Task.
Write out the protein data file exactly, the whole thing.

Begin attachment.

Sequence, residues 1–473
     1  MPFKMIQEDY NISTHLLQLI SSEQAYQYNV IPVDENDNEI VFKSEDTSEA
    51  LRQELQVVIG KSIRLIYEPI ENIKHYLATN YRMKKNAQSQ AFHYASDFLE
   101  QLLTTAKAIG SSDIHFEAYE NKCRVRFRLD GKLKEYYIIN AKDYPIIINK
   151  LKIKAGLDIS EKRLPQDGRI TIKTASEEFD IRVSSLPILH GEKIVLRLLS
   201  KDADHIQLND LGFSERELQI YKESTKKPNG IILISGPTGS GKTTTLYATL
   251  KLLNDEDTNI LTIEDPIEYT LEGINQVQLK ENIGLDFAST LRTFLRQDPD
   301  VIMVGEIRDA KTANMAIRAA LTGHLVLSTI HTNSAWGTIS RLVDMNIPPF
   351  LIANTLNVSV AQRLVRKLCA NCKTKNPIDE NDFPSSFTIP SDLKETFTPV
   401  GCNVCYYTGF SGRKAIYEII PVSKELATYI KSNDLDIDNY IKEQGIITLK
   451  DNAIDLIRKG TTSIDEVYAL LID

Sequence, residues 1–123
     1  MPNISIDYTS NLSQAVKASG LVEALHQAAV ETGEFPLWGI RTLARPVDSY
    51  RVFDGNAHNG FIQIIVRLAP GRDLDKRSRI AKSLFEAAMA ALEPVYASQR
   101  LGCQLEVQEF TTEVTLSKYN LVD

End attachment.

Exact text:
Sequence, residues 1–473
     1  MPFKMIQEDY NISTHLLQLI SSEQAYQYNV IPVDENDNEI VFKSEDTSEA
    51  LRQELQVVIG KSIRLIYEPI ENIKHYLATN YRMKKNAQSQ AFHYASDFLE
   101  QLLTTAKAIG SSDIHFEAYE NKCRVRFRLD GKLKEYYIIN AKDYPIIINK
   151  LKIKAGLDIS EKRLPQDGRI TIKTASEEFD IRVSSLPILH GEKIVLRLLS
   201  KDADHIQLND LGFSERELQI YKESTKKPNG IILISGPTGS GKTTTLYATL
   251  KLLNDEDTNI LTIEDPIEYT LEGINQVQLK ENIGLDFAST LRTFLRQDPD
   301  VIMVGEIRDA KTANMAIRAA LTGHLVLSTI HTNSAWGTIS RLVDMNIPPF
   351  LIANTLNVSV AQRLVRKLCA NCKTKNPIDE NDFPSSFTIP SDLKETFTPV
   401  GCNVCYYTGF SGRKAIYEII PVSKELATYI KSNDLDIDNY IKEQGIITLK
   451  DNAIDLIRKG TTSIDEVYAL LID

Sequence, residues 1–123
     1  MPNISIDYTS NLSQAVKASG LVEALHQAAV ETGEFPLWGI RTLARPVDSY
    51  RVFDGNAHNG FIQIIVRLAP GRDLDKRSRI AKSLFEAAMA ALEPVYASQR
   101  LGCQLEVQEF TTEVTLSKYN LVD